Now assuming that tryptophan was successfully converted to the 5HT compound without being lost as Vitamin B3 or toxin metabolites or both, it now faces competition with 5 other amino acids (tyrosine, valine, leucine, isoleucine and phenylanine) to reach the blood-brain barrier. 5HT is carried to the barrier through carbohydrate transport molecules. What can be done at this stage, is to make more carbohydrate available so that the chances of tryptophan transportation increase. A migraineur’s preference should be a mild increase in the intake of complex carbs (wholemeal grains, cereals, lentils, pulses etc). This makes free buses available to carry the tryptophan to the brain.

Crossing the blood brain barrier and reaching the Central Nervous System, 5HT is converted to serotonin. 

Doctors prescribe 5HTP supplements as they have better chances to convert to serotonin than tryptophan supplements. It is generally also prescribed with a low dose of Vitamin B3 and B6. The indicative doses are generally in the range of 1 -3 grams of tryptophan, 100 mg of B3 and 25 mg of Vitamin B6.  Consult your doctor before taking them.

Next week I shall touch upon the importance of serotonin and how it helps alleviate symptoms of disturbed sleep, depression etc in migraineurs.

Until then, take care.

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Tryptophan in Tackling the Terrible Times


Tryptophan today is often written and talked about as an essential amino acid, which doubles up as a precursor to the all important serotonin ( a polypeptide neurotransmitter).

Migraineurs are known to be defecient in serotonin levels and this defeciency is known to be a major factor in triggering migraines. However, serotonin cannot be taken as a supplement as it is not permitted through the blood-brain barrier to enter the brain, where it is required. Studies have found that if we increase the intake of tryptophan-rich foods, then we increase the level of serotonin from a state of deficiency in migraineurs. 

Some tryptophan-rich foods are spirulina, cod, peas, soya, pulses, salmon, beans, egg whites, turkey, cottage cheese, tofu, sesame seeds, avocados and all types of beans (fava, lima, kidney, pinto, broad etc).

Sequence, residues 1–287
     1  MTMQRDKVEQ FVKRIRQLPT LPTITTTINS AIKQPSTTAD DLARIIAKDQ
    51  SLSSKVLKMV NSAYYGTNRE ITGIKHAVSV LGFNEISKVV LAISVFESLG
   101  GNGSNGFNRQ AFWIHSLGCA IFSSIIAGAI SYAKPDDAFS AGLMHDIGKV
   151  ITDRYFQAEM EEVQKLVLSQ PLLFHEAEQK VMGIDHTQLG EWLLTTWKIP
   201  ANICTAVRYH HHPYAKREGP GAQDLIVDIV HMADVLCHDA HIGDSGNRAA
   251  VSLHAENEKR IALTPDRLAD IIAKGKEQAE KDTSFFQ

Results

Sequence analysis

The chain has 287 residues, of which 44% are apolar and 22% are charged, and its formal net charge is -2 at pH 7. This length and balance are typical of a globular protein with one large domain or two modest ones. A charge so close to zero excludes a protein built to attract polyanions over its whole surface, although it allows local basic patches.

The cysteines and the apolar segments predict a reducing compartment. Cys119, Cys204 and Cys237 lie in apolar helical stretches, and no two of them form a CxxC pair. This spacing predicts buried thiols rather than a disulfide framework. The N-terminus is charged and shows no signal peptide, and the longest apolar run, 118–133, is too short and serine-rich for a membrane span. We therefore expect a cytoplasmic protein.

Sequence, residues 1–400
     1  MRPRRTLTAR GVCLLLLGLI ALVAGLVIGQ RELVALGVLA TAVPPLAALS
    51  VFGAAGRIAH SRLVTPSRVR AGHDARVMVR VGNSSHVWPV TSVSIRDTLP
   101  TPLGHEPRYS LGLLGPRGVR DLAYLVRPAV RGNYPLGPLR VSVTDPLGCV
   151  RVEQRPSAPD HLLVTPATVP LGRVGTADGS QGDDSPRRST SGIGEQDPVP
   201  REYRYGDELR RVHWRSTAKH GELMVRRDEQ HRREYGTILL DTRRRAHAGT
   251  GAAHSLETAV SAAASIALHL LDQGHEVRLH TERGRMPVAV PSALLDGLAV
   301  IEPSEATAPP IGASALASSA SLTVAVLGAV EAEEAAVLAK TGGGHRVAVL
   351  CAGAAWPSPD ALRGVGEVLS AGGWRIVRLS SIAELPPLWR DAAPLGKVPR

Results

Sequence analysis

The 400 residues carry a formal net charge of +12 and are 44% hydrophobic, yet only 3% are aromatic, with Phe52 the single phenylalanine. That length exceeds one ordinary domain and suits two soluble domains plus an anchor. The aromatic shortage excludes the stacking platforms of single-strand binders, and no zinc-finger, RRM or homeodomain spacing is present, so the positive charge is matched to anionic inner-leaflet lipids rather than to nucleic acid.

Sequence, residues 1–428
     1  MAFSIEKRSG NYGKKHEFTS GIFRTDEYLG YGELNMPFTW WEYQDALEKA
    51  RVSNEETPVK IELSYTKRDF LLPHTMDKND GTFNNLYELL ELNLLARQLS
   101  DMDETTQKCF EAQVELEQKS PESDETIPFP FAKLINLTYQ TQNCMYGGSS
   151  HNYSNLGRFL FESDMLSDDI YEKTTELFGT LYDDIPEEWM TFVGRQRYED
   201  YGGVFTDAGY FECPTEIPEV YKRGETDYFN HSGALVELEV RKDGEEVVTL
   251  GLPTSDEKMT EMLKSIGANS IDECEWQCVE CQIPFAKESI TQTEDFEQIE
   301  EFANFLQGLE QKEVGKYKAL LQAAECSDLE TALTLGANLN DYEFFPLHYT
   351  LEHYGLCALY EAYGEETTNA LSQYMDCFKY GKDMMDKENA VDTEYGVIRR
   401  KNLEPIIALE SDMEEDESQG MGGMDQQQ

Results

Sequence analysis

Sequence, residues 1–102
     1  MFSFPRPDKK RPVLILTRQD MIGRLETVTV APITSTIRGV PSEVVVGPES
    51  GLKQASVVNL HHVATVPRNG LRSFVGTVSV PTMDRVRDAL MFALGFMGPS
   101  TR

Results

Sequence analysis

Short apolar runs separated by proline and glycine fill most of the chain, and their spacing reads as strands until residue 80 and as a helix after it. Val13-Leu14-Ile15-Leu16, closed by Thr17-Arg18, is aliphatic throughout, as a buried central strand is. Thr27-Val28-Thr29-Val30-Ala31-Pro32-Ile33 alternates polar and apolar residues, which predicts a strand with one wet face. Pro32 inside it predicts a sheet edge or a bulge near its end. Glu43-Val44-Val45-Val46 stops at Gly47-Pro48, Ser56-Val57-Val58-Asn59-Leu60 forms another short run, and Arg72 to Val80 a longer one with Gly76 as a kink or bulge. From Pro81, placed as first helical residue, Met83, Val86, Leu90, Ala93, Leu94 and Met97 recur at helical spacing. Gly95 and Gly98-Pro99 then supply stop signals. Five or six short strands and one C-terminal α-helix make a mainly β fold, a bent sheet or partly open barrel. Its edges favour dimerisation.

The process of conversion and metabolization of tryptophan to serotonin is a 3 stage process and is greatly helped by the presence of adequate levels of Vitamin B3 and B6 in our body. 

The tryptophans are large molecules (see image below) and their break down and absorption is not as easy as those of the smaller molecule amino acids. To divert the small molecule amino acid such that they do not compete with the absorption of tryptophan, we must marginally increase our insulin levels. This should not be done by intake of sugar, but through mildly increasing the intake of brown rice, bran bread, oat porridges and jacket potatoes. Refined sugar should not be a part of the diet of a migraineurs, preferably even in small doses.

The Wikipedia Common image gives the structure of a tryptophan molecule:


The conversion of tryptophan to serotonin and eventually to melatonin is exhibited beautifully in the following link:

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Calcium’s Control on Serotonin Channels


Much as Magnesium’s role in migraine management has been spoken about, Calcium has almost always figured as an also-ran. But Calcium intake, it’s effective metabolisation and absorption are just as important as Magnesium balance in your food.

Calcium is known to have anti-spasmodic action, which helps alleviate headaches and migraines. However, studies have shown that when calcium is administered along with Vitamin D, it reduces the frequency of migraines in a considerable number of patients .

Recent studies have also concluded that abnormalities in the channels within the cells that transport calcium, magnesium, sodium and potassium contribute to the onset of migraines. The calcium channels are known to regulate the release of serotonin. With impaired functioning of the channels, serotonin may not be effectively released or may be released in low quantities. This would contribute towards migraine occurrences.

For Reader’s Interest – a related link:,155.pdf

The RDA for Calcium in women of the age group 18- 50 is approximately 1000 mg and between 1000-1300 mg for pregnant and lactating women. For post-menopausal women the RDA is set at about 1500 mg.
Calcium absorption reduces with aging and is dependent on a variety of factors such as genetics, availability of Vitamin D, intake of Vitamin C among others.

However, any supplement or drug should be had with consultation with your physician. Self-medication is a dangerous practice and can have fatal outcomes.